Thwarted Expectations: Investigating Translational Mishaps with Reference to Cultural Disparities
University of Helsinki
While there are many types of purely linguistic differences between languages which students of translation can be explicitly taught to recognise during their formal training, it is a far bigger task to try to make future translators detect and appropriately cater to relevant cultural differences between a source text and its intended target text. Yet, snags of a cultural character are just as detrimental to translation quality as are linguistic mistakes. The problem with cultural differences between source and target environments in translation is further aggravated by the fact that, in contrast with the finite number of linguistic differences between language systems, the range of variation in differences between cultural environments is virtually infinite.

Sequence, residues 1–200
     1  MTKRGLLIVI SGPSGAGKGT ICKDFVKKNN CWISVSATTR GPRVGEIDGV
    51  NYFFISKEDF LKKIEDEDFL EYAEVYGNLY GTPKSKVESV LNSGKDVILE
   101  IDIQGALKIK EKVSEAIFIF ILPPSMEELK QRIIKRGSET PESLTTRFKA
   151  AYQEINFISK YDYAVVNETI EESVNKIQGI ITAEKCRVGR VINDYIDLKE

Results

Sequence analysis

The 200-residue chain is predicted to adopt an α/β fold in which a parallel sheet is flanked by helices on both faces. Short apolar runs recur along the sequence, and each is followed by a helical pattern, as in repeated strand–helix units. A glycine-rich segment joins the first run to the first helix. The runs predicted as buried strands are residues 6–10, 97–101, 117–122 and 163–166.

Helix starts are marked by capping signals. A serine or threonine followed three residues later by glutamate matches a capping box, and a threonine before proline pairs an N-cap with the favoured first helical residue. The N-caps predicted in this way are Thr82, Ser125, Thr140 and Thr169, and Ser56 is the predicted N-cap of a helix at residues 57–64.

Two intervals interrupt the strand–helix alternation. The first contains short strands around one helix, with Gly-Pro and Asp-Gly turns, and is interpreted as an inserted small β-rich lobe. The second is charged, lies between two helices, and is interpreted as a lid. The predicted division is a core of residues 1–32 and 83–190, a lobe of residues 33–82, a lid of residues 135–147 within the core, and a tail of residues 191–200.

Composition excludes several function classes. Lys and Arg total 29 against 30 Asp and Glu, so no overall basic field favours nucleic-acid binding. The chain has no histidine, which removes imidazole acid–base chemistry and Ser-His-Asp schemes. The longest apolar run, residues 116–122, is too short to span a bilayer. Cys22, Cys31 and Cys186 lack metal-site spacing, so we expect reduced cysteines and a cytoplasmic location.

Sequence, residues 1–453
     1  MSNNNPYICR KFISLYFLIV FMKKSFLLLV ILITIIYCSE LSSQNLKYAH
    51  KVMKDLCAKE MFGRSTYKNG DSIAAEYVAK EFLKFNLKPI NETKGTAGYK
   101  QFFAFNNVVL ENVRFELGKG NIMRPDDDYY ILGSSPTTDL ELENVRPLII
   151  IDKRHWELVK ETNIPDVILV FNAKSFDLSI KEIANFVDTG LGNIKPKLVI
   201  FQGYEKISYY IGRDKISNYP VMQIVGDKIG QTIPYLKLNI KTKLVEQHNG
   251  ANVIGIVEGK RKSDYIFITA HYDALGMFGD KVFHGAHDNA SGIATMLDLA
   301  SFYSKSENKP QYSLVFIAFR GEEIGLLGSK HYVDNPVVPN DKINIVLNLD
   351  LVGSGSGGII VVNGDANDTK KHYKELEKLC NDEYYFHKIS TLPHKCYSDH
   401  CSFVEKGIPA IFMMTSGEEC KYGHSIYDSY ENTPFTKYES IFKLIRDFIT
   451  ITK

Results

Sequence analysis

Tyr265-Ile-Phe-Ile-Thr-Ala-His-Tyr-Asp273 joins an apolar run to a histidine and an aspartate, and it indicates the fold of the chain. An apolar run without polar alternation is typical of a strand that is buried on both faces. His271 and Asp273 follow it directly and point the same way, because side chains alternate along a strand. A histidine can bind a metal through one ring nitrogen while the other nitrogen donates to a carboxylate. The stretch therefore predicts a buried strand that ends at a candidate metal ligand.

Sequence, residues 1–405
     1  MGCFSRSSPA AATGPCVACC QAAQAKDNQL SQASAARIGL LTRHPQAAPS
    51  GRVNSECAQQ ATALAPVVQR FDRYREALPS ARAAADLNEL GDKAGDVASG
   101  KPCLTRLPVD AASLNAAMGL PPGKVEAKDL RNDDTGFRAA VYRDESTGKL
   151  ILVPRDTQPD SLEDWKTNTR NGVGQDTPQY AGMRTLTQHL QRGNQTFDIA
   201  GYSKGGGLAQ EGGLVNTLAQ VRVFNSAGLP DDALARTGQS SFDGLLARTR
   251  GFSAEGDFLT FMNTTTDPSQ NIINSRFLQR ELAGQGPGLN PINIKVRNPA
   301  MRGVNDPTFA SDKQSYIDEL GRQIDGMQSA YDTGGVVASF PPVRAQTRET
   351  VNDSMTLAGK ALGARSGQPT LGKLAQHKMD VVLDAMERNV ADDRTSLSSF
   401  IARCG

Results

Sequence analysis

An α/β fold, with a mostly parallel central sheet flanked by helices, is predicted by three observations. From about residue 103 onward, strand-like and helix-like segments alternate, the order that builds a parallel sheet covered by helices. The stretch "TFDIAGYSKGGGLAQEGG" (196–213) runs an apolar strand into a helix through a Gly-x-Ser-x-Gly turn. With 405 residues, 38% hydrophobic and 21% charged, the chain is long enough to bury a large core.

That culture permeates human life is something of a truism. Yet it appears that we do not always fully appreciate the extent or the variety of all the possible ramifications of this permeation despite the fact that cultural norms affect our [ p. 84 ]linguistic as well as our nonlinguistic actions. Since it is often easier to perceive the presence of such crucial cultural factors in the effects of actions which relate to the more observable nonlinguistic aspects of our lives, let us begin by considering the following incident, reported by Mr Richard Perez-Pena in the “Features Plus” section of the Gulf newspaper Khaleej Times (14 April 1998, p. 2) under the heading “On the ‘Culture’ of Jaywalking”:
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